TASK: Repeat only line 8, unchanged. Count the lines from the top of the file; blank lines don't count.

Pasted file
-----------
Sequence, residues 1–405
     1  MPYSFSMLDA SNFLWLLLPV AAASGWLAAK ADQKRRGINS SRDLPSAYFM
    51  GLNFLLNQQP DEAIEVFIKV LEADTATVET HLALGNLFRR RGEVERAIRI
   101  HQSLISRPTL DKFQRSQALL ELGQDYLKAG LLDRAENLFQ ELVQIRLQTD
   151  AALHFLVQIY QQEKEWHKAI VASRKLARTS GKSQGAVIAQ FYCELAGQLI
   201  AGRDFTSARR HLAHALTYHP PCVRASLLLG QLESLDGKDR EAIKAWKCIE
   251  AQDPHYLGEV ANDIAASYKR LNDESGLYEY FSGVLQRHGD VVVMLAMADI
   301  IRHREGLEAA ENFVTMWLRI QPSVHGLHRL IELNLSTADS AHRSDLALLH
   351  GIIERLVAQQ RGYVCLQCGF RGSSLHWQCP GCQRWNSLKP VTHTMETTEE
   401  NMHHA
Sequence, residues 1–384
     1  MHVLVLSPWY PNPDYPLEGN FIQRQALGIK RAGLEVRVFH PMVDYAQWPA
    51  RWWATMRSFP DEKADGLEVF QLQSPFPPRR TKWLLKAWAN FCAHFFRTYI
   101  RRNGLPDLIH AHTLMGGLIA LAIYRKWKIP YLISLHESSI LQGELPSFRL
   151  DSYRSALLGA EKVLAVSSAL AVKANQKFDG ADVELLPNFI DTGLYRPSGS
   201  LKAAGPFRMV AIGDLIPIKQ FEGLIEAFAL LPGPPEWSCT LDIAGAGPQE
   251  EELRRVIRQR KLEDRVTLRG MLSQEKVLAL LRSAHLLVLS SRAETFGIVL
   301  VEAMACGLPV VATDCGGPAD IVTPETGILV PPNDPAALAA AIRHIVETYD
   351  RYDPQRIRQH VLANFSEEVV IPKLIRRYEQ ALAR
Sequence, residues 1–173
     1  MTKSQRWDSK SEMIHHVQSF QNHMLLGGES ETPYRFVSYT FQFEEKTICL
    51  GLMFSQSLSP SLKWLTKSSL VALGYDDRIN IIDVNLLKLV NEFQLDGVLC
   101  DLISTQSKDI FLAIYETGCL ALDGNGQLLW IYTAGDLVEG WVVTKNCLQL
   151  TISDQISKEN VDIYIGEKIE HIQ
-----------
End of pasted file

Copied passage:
   301  IRHREGLEAA ENFVTMWLRI QPSVHGLHRL IELNLSTADS AHRSDLALLH